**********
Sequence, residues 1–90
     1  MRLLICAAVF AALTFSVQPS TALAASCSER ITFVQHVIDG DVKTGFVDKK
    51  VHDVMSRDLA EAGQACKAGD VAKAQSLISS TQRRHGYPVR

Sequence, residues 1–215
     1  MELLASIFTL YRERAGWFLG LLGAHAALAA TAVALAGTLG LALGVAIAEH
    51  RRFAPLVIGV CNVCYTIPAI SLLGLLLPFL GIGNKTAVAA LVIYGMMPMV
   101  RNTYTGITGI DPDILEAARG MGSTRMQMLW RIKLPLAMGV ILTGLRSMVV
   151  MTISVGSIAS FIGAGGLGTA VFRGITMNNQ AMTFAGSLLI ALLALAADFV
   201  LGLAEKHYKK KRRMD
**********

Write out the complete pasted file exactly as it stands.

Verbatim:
Sequence, residues 1–90
     1  MRLLICAAVF AALTFSVQPS TALAASCSER ITFVQHVIDG DVKTGFVDKK
    51  VHDVMSRDLA EAGQACKAGD VAKAQSLISS TQRRHGYPVR

Sequence, residues 1–215
     1  MELLASIFTL YRERAGWFLG LLGAHAALAA TAVALAGTLG LALGVAIAEH
    51  RRFAPLVIGV CNVCYTIPAI SLLGLLLPFL GIGNKTAVAA LVIYGMMPMV
   101  RNTYTGITGI DPDILEAARG MGSTRMQMLW RIKLPLAMGV ILTGLRSMVV
   151  MTISVGSIAS FIGAGGLGTA VFRGITMNNQ AMTFAGSLLI ALLALAADFV
   201  LGLAEKHYKK KRRMD